Most theropods walked with three toes contacting the ground, but fossilized footprint tracks confirm that many basal paravians, including dromaeosaurids, troodontids, and some early avialans, held the second toe off the ground in a hyperextended position, with only the third and fourth toes bearing the weight of the animal. This is called functional didactyly.[2] The enlarged second toe bore an unusually large, curved sickle-shaped claw (held off the ground or 'retracted' when walking). This claw was especially large and flattened from side to side in the large-bodied predatory eudromaeosaurs.[12] In these early species, the first toe (hallux) was usually small and angled inward toward the center of the body, but only became fully reversed in more specialized members of the bird lineage.[4] One species, Balaur bondoc, possessed a first toe which was highly modified in parallel with the second. Both the first and second toes on each foot of B. bondoc were held retracted and bore enlarged, sickle-shaped claws.[13]

Deinonychus "sickle claw"

One of the best-known features of paravians is the presence of an enlarged and strongly curved "sickle claw" on a hyper-extendible second toe, modified to hold the sickle claw clear of the ground when walking, most notably developed in the dromaeosaurids and troodontids. While this characteristic claw and its associated modifications to the anatomy of the foot (such as a shortened metatarsus in eudromaeosaurs) had been known since the mid-20th century, their possible functions were the subject mainly of speculation, and few actual studies were published. Initial speculation regarded the claws as slashing implements used to disembowel large prey. In this scenario, the shortened upper foot would serve as an anchor point for powerful tendons to improve kicking ability. However, subsequent studies of the actual claw shape showed that the underside of the claw was only weakly keeled and would not have been an effective cutting instrument. Instead, it appeared to be more of a hooking implement. Manning et al. suggested in 2006 that the claws were similar to crampons and were used for climbing, and in the case of larger species or individuals, climbing up the flanks of very large prey.[14]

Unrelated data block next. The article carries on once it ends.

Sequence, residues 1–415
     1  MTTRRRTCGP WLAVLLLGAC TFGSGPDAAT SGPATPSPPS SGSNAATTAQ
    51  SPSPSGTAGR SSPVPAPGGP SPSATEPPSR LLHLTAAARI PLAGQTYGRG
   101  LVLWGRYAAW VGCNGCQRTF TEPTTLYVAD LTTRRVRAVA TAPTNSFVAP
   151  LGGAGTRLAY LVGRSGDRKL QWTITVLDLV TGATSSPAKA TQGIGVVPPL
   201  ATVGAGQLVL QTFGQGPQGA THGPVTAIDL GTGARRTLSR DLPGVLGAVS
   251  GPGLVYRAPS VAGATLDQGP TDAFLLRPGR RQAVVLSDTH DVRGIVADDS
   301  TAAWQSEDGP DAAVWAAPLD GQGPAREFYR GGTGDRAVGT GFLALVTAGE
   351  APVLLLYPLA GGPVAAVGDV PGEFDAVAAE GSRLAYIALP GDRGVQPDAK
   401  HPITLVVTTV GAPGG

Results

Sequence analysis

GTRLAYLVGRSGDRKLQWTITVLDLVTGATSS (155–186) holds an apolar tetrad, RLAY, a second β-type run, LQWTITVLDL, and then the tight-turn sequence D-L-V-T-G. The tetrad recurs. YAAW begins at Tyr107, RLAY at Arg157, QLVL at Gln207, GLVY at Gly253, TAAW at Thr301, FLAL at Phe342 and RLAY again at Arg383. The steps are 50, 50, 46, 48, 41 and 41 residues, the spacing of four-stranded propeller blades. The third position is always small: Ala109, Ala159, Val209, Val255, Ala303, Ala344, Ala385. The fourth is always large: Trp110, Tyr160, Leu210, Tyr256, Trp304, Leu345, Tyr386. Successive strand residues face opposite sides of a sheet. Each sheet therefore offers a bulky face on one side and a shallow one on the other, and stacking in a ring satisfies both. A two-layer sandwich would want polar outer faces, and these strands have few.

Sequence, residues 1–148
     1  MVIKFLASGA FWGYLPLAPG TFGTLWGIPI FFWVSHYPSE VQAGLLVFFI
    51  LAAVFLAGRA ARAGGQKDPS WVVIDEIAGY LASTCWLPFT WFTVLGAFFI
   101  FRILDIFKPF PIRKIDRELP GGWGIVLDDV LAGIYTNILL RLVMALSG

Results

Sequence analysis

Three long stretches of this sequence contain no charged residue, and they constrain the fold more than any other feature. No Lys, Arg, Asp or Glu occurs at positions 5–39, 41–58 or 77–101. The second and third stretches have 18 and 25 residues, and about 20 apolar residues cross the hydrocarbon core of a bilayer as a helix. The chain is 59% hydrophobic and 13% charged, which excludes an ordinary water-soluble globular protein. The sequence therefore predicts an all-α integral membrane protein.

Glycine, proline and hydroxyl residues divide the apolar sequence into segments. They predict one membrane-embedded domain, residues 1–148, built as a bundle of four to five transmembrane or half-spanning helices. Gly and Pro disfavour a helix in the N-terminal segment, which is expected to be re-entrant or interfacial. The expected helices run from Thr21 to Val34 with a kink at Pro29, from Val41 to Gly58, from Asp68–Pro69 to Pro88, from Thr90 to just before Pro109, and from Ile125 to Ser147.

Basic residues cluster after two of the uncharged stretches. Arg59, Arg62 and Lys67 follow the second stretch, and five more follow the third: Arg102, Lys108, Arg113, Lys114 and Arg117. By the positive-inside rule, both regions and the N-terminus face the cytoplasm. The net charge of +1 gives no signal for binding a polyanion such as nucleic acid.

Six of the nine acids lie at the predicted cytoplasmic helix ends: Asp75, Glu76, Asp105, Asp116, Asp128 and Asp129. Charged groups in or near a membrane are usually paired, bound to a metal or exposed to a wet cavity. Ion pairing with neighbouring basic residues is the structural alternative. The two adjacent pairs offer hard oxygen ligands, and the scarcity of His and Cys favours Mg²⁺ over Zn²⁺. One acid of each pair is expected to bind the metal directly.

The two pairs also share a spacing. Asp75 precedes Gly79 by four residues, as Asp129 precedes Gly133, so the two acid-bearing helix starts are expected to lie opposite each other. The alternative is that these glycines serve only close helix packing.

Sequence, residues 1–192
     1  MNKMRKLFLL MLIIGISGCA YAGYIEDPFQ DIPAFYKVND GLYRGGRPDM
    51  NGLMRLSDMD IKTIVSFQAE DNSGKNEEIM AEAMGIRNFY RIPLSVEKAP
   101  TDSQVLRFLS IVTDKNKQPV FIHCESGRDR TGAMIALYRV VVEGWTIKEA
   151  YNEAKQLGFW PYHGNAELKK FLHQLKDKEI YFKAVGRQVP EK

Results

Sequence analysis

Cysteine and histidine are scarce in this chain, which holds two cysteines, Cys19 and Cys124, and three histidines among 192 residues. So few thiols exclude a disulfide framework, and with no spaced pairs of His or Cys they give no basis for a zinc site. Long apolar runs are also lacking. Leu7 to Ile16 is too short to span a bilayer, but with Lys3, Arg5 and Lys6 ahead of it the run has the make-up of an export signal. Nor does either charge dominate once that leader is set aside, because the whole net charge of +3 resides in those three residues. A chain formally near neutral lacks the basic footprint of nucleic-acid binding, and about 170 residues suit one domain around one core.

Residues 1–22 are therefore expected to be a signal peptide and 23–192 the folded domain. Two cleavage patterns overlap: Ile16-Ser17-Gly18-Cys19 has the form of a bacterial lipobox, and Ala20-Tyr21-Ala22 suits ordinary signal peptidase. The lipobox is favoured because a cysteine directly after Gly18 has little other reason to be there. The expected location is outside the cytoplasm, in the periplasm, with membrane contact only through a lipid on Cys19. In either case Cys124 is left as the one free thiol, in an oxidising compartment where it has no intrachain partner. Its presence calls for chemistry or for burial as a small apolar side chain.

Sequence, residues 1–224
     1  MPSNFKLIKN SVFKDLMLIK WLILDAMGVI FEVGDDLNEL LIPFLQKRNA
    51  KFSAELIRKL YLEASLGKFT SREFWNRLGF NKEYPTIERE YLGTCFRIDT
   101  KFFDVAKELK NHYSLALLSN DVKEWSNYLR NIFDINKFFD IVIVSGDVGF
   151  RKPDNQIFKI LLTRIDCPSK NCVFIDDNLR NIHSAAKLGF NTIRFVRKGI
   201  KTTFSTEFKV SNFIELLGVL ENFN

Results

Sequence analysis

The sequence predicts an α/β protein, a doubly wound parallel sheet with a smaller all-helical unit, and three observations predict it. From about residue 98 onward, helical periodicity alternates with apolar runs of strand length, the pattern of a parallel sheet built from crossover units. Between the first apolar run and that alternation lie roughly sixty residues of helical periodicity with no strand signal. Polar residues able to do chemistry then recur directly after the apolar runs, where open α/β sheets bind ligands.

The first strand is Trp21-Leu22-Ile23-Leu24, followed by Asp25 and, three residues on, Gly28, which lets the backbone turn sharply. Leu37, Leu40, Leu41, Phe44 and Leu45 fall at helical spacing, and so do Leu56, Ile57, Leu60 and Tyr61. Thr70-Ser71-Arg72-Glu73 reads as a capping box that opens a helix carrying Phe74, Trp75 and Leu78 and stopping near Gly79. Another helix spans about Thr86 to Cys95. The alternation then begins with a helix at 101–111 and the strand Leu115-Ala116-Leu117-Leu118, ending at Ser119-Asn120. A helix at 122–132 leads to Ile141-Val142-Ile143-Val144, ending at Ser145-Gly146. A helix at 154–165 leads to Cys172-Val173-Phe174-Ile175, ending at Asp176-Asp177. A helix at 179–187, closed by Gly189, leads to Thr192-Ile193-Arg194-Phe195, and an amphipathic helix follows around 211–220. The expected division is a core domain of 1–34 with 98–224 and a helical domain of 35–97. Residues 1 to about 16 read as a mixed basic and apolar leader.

A larger study of sickle-claw function, published in 2011 by Fowler and colleagues, concluded that the earlier study by Manning and colleagues was correct and that the "sickle claws" would have been ineffective as cutting weapons. They compared the claw and overall foot anatomy of various primitive species with modern birds to shed light on their actual function. Fowler and colleagues showed that many modern predatory birds also have enlarged claws on the second toes. In modern raptors, these claws are used to help grip and hold prey of sizes smaller than or equal to the predator, while the birds use their body weight to pin their prey to the ground and eat it alive.[4] Fowler and colleagues suggested that this behavior is entirely consistent with the anatomy of advanced dromaeosaurids like Deinonychus, which had slightly opposing first toes and strong tendons in the toes and foot. This makes it likely that advanced dromaeosaurids also used their claws to puncture and grip their prey to aid in pinning it to the ground, while using shallow wing beats and tail movements to stabilize themselves.[4] Other lines of evidence for this behavior include teeth which had large, hooked serrations only on the back edge (useful in pulling flesh upward rather than slicing it) and large claws on the wings (for greater maneuvering of prey while mantling it with the wings).[4]